Menippean Sensibility in Patrick White’s Memoirs of Many in One by Alex Xenophon Demirjian Gray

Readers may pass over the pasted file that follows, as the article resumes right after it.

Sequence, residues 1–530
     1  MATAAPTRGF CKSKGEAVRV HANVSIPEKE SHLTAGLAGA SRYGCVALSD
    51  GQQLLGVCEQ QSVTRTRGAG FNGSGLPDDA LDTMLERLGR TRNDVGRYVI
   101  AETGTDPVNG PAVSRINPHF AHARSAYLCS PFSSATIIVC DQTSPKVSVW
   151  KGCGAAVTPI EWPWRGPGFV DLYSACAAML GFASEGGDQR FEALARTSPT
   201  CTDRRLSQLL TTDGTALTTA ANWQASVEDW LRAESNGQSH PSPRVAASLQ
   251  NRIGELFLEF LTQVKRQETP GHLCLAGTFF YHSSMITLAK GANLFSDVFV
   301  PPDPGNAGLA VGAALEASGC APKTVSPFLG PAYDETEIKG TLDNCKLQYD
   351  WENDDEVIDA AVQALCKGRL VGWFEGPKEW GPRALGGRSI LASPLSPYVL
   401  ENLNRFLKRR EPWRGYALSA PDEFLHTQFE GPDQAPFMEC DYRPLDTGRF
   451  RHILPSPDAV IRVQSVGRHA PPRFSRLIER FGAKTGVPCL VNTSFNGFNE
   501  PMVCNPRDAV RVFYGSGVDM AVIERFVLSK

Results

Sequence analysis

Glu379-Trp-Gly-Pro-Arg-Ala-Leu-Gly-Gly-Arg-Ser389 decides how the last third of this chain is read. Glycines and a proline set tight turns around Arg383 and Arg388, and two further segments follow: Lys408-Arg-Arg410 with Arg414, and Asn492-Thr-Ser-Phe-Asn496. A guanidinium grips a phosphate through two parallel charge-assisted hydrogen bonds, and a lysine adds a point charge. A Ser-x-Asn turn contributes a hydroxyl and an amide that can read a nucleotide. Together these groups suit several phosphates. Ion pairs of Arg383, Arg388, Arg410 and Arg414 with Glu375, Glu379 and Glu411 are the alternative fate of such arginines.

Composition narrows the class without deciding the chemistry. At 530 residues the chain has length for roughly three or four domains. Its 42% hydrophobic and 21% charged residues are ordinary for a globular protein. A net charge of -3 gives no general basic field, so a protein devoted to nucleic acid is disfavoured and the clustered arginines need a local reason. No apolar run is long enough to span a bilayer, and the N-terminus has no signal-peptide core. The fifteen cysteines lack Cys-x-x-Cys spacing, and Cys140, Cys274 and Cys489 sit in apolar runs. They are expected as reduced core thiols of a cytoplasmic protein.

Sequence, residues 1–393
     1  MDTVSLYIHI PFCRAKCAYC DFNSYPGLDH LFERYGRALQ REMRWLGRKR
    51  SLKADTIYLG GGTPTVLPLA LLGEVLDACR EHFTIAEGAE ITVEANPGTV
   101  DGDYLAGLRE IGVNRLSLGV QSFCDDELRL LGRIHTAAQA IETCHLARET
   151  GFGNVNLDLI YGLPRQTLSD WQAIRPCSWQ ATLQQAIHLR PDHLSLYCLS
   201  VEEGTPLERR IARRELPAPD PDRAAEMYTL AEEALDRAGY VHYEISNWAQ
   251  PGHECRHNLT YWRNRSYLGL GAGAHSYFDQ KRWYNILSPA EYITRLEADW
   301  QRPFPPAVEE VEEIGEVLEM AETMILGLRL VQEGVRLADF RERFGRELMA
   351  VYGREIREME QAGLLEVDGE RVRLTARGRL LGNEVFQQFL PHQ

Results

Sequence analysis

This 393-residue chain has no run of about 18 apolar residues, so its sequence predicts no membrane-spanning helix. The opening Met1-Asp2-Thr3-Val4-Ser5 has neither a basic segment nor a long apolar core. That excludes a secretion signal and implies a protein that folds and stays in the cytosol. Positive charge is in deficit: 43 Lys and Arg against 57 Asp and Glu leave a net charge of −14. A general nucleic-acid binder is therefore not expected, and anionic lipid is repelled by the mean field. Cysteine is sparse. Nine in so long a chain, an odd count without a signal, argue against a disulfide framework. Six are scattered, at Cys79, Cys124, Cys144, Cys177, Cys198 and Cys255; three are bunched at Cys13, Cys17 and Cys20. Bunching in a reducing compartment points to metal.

Although Memoirs of Many in One is not Patrick White’s last published work, it is surely to be classiﬁed, along with The Twyborn Affair, as one of his late works. When it was published on April Fool’s Day 1986 White was seventy-three, his health was deteriorating and he had already announced several years before that The Twyborn Affair was to be his last novel. The full title page credits the work as ‘edited by Patrick White’, and while White’s voice as editor appears in interspersed remarks throughout, the rest purports to be in the voice of Gray. Its reception was mixed: in Veronica Brady’s opinion it contains ‘perhaps the most memorable of his creations’, the character of Alex Xenophon Demirjian Gray, whereas David Tacey remarks that ‘it is sad to see genius in decay’ (Brady 60; Tacey 63). It is worth reconsidering Memoirs and The Twyborn Affair together as late works, or examples of White’s late style, with all of the issues that attend such an identiﬁcation. Elizabeth McMahon’s study of the lateness and queerness of The Twyborn Affair opens up ‘at least one profound dilemma’ (90) in terms of reading White: the apparent contradiction of universalist readings of his work, understood as a function of White’s status as a ‘national literary representative’ (79), as opposed to readings which ‘foreground the issues of difference, which undermine the terms by which universal meanings and a “common reader” can be presumed’ (89–90). In this essay I will use the frameworks of lateness and queerness established in McMahon’s study as a departure point to examine intertexuality in Memoirs, while also re-examining The Twyborn Affair in this light.